Russia’s Sputnik V vaccine is an export hit. But in their own country people shy away from the injection – there is great skepticism. That is why the Kremlin is counting on EU approval as soon as possible. But the EMA is putting it on the back burner. Why is that?
The corona situation in Russia with more than 900 deaths a day, tens of thousands of new infections and a comparatively low vaccination rate cannot satisfy President Vladimir Putin. “The numbers are very bad, and in fact it is a cause for concern,” said Putin’s spokesman Dmitry Peskov. The main cause of the highest death rate to date is the poor vaccination rate. “The virus is becoming more and more malicious,” said Peskow.
When it comes to corona deaths, Russia has long held a top position internationally. In August last year, Putin announced that Russia, with Sputnik V, was the first country in the world to develop an effective vaccine against the coronavirus. The 69-year-old has repeatedly praised him as the “best” in the world – and had himself vaccinated with it. Russian researchers have also developed four other vaccines. But so far not 50 million people or just about 30 percent of the Russian population have received at least one dose. “Only vaccination protects against death,” warns Peskow. But many Russians did not believe the government’s assurances that the vaccinations were safe.
Western vaccines are not allowed in Russia. And a possible boost in confidence through the long-awaited EU approval of Sputnik V has not yet been achieved. The German diplomat Markus Ederer, ambassador of the European Union in Moscow, sees the low vaccination rate as one of the reasons why the EU is still not opening its borders completely to Russian tourists. Germany has classified Russia as a high-risk area.
Russia does not provide the necessary data
It is true that the power apparatus in Moscow repeatedly complains that there are political reasons in the EU for not allowing Sputnik V – with the exception of special routes, for example in Hungary. But Ederer rejects that. Rather, it is clear that Russia has still not provided the documents required by the European Medicines Agency (EMA) and the World Health Organization (WHO). Russia itself even canceled a trip planned for October by EMA experts, “because we are not that far,” as Western diplomatic circles in Moscow say.
It is not the first time that Russia has failed to meet the deadlines for the inspections required by the EMA, said Ambassador Ederer in an interview with the Russian daily “RBK”. “That slows down the process.” Ederer sees the situation in a similar way when it comes to the question of the lack of recognition of Sputnik V by the WHO. It was already controversial last year that Russia approved Sputnik V for use, although not all test phases had yet been completed. Health Minister Michail Muraschko announced at the end of September that the third and final phase of the Sputnik V tests had now been completed.
So far, the EMA in Amsterdam has always said that there was still a lack of “sufficient” evidence for approval on the EU market. The authority is therefore waiting for documents in order to be able to better assess the data sets available so far. A spokesman for the WHO also announced that the organization could only approve Sputnik V when all data are available and there is clarity about the safety of the preparation. As with other vaccines, the WHO is testing production facilities. The process continues. The aim of the procedures is to accelerate access to safe and effective vaccines in order to save lives and get the pandemic under control.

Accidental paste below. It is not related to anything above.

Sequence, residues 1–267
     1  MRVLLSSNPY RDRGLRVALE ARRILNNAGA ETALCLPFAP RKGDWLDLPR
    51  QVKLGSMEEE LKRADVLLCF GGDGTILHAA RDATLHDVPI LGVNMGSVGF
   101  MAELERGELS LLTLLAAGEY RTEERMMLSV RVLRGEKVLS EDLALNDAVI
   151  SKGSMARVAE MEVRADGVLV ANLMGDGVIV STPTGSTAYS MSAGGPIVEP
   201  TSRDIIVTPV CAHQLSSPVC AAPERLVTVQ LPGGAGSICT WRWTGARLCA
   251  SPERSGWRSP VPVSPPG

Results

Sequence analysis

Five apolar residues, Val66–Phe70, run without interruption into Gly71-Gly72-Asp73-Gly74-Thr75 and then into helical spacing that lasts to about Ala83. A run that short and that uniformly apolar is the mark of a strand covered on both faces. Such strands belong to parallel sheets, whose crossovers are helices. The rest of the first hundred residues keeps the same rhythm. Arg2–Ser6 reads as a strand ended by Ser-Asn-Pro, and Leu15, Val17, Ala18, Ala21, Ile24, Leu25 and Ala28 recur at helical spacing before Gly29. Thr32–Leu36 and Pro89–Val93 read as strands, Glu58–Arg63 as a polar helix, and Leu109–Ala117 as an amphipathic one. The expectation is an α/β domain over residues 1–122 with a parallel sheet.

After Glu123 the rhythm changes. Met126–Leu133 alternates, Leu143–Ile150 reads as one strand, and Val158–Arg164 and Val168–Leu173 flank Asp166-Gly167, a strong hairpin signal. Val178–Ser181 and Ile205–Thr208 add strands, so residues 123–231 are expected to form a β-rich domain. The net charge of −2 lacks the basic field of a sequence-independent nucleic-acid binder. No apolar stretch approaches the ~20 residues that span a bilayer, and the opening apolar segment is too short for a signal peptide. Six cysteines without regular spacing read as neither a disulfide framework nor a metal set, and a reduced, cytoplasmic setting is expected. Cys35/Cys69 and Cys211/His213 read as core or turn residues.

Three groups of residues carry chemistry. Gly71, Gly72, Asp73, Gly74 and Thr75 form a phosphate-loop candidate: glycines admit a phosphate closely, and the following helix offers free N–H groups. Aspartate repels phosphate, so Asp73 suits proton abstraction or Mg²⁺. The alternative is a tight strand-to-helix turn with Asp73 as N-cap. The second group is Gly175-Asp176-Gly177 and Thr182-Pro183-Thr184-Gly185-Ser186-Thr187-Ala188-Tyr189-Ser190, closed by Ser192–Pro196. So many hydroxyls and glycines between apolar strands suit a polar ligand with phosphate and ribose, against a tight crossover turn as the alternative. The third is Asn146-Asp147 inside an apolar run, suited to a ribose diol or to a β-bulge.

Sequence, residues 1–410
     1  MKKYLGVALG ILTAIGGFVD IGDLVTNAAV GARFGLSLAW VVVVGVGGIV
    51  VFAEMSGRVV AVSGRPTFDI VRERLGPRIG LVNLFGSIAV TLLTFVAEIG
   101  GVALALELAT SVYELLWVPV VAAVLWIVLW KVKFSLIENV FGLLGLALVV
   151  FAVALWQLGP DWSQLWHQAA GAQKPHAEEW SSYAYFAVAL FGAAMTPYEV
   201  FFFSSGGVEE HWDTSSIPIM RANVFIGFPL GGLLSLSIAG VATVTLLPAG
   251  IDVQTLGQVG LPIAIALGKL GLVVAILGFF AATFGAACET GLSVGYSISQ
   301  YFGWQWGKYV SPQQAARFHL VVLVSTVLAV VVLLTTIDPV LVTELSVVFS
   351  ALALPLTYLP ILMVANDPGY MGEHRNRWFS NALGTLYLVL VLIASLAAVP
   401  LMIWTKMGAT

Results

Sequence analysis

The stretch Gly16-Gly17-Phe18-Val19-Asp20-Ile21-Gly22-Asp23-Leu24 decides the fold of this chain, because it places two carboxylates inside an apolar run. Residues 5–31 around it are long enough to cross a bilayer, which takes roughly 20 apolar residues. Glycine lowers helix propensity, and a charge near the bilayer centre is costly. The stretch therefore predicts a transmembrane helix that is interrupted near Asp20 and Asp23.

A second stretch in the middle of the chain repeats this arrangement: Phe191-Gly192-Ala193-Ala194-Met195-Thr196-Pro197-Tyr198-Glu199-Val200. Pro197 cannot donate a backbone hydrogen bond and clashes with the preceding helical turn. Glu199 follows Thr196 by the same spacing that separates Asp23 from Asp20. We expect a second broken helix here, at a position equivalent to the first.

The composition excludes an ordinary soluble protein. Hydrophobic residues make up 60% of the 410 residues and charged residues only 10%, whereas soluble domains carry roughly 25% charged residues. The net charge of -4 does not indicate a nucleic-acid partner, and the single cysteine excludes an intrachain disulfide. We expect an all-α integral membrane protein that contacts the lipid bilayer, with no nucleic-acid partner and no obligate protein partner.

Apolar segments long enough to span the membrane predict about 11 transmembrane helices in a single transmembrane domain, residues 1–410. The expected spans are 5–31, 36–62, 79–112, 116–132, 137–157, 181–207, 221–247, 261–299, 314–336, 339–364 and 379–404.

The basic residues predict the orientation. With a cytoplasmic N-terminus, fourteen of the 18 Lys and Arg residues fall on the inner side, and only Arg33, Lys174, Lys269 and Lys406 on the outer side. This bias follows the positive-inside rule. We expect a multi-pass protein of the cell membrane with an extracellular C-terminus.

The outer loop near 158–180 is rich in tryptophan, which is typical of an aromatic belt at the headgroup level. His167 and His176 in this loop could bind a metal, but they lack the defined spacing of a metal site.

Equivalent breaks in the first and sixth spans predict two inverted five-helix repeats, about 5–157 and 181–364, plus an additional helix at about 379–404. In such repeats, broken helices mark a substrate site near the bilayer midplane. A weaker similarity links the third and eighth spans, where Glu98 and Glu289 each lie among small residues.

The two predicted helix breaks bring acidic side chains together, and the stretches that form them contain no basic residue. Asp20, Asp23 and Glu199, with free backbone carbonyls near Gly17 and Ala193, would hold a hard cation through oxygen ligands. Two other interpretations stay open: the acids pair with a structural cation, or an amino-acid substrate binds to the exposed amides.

Recognition of vaccination certificates still open
The Russian state direct investment fund RDIF, which is responsible for international Sputnik sales, announced on request that the EMA experts would be expected in Russia this autumn. Questions about the reasons for the delay remain unanswered – the RDIF is threatening legal action in writing if someone reports negative about Sputnik V.
The Ministry of Health in Moscow is now expecting an EMA date in December. Western diplomats assume, however, that EU approval could drag on until spring 2022. Then Sputnik V will also be produced by the German subsidiary of the Russian pharmaceutical company R-Pharm in Illertissen in Bavaria.
It is also unclear whether – as proposed by Brussels – the EU and Russia will mutually recognize their vaccination certificates. In any case, that would be possible regardless of whether the vaccines are approved in the countries themselves. Again and again, people who have received Sputnik V get annoyed that they are not considered vaccinated in Germany and have to be in quarantine, even though the vaccine is recognized in more than 70 countries. A German court recently confirmed that a Sputnik vaccination is not recognized in Germany.
In the Kremlin, therefore, hopes are now primarily directed towards a success in the negotiations on the mutual recognition of vaccination certificates. Russia has sent the necessary documents to the EU, says Kremlin spokesman Dmitri Peskov. There is cause for “optimism”. The fastest possible result is also important for those who are traveling between the EU and Russia.